[font="Verdana"] "Performance is our middle name."[/font]

  • Francis Rodrigues-459442

    SSC Eights!

    Points: 860

    There are not any issues to my knowledge that require the NOLOCK hint for ROW_NUMBER(). I just used it for performance reasons.

  • Francis Rodrigues-459442

    SSC Eights!

    Points: 860

    JJ B (5/12/2009)


    Well done article.

    Question: I hate to open a can of worms on a different topic, but I'm so curious as to why you specified the nolock hint for the row_number version of the query. Do you know of specific problems that require use of nolock for this type of implementation?

    Thanks.

    There aren't any problems with the ROW_NUMBER() version of the query that require the NOLOCK hint. I just used it for the slight performance improvement.

  • JJ B

    SSCarpal Tunnel

    Points: 4570

    Francis Rodrigues (5/12/2009)


    There are not any issues to my knowledge that require the NOLOCK hint for ROW_NUMBER(). I just used it for performance reasons.

    Thanks for the clarification. I guess that's what I was trying to get at. Do you mean that ROW_NUMBER() has such bad performance that you need to resort to using NOLOCK? Or is using NOLOCK just a common practice for your queries to try to preempt performance problems?

    Thanks.

  • wbrianwhite

    SSC Eights!

    Points: 954

    In what way was simple set logic unable to perform this operation? It looks like this could be solved with left outer joins and is null tests. I don't have the test db mentioned, so my > may be wrong, it could need to be a exclude1.Version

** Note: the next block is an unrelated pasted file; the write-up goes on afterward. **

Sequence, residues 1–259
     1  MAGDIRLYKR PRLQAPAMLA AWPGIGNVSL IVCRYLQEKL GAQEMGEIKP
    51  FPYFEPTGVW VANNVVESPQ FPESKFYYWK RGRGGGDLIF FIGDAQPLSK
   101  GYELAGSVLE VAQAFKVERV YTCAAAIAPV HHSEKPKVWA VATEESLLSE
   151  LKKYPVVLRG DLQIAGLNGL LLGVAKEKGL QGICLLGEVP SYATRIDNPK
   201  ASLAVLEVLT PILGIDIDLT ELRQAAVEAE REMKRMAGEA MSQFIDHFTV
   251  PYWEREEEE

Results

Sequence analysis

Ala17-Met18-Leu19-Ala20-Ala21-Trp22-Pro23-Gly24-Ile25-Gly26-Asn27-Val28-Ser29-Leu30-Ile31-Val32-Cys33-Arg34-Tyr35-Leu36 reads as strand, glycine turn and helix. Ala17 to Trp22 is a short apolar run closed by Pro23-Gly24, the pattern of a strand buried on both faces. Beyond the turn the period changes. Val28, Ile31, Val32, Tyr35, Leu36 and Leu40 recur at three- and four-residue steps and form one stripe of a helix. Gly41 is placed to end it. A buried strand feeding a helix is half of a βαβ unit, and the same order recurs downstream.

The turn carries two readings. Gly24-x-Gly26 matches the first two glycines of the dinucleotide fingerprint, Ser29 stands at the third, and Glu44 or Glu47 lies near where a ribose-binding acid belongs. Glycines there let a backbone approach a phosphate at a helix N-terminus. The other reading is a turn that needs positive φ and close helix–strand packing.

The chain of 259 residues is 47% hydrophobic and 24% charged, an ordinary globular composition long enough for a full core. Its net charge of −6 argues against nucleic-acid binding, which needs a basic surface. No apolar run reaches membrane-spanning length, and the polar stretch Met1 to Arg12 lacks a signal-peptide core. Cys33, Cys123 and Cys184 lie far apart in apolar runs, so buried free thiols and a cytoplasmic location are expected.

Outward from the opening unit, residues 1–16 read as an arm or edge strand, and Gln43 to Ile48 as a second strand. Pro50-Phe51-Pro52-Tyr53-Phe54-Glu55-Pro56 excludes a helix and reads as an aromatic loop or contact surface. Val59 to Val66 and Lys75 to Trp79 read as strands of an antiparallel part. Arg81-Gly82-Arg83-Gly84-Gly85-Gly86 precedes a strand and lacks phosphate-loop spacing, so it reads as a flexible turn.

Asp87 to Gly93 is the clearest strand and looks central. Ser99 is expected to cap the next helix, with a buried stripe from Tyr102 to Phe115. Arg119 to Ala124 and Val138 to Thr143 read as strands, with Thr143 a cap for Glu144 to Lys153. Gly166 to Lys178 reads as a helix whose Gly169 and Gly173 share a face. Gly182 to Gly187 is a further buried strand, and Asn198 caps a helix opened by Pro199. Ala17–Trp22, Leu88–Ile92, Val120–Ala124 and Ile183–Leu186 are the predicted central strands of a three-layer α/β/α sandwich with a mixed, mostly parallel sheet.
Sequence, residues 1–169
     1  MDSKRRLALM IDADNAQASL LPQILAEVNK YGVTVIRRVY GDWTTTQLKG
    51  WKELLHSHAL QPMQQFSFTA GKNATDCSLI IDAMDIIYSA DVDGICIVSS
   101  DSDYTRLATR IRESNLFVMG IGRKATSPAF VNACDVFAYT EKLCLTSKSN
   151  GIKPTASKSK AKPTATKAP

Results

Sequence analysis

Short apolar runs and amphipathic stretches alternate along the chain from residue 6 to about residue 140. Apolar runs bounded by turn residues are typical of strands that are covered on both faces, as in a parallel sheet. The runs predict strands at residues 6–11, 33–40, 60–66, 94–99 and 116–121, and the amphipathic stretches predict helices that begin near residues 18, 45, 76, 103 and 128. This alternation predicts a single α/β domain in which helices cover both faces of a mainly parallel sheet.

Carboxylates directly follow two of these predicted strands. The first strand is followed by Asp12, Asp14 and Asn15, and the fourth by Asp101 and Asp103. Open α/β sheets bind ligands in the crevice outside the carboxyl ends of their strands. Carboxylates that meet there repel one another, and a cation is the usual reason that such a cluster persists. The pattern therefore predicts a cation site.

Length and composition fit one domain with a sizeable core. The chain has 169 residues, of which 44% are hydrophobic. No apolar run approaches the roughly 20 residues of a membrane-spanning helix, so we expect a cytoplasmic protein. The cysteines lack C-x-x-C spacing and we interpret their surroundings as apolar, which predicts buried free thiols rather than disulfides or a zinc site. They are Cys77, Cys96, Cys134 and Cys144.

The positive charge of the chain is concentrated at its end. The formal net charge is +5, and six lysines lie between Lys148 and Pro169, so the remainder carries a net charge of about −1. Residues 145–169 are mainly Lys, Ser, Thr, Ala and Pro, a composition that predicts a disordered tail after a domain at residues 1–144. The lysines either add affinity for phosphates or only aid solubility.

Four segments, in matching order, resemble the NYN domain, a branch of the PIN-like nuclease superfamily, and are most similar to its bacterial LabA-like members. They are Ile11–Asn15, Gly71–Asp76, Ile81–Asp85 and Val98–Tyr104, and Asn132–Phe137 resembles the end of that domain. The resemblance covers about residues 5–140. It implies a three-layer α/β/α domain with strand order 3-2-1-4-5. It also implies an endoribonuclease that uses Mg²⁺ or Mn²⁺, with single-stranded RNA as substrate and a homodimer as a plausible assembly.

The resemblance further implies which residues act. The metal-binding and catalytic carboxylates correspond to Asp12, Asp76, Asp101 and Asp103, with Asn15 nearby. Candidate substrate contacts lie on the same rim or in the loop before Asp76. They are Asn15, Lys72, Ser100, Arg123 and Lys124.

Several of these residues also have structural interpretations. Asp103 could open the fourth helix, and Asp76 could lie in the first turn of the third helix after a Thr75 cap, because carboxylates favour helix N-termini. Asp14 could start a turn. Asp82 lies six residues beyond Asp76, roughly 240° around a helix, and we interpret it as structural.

left join Production.ProductVersion exclude2

    on p.ProductID = exclude2.ProductID

    and p.Version = exclude2.Version

    and p.MinorVersion > exclude2.MinorVersion

    left join Production.ProductVersion exclude3

    on p.ProductID = exclude3.ProductID

    and p.Version = exclude3.Version

    and p.MinorVersion = exclude3.MinorVersion

    and p.ReleaseVersion > exclude3.ReleaseVersion

    left join Production.ProductVersion exclude4

    on p.ProductID = exclude4.ProductID

    and p.Version = exclude4.Version

    and p.MinorVersion = exclude4.MinorVersion

    and p.ReleaseVersion = exclude4.ReleaseVersion

    and p.StandardCost > exclude4.StandardCost

    where exclude1.Version is null

    and exclude2.MinorVersion is null

    and exclude3.ReleaseVersion is null

    and exclude4.StandardCost is null

    [/code]

  • William Hutton-462896

    SSC Enthusiast

    Points: 173

    wbrianwhite (5/12/2009)


    In what way was simple set logic unable to perform this operation? It looks like this could be solved with left outer joins and is null tests. I don't have the test db mentioned, so my > may be wrong, it could need to be a <, I can never remember without testing it. But something like this should do the trick

    I think it's just a matter of ...elegance? To me using Row_Number() statements (and CTEs in general) are easier to write and easier to follow in specific situations (provided the one reading knows what they do). And I can tell you just from testing this morning that the Row_Number() query has a performance improvement over the left joins and isnull tests I had been using previously.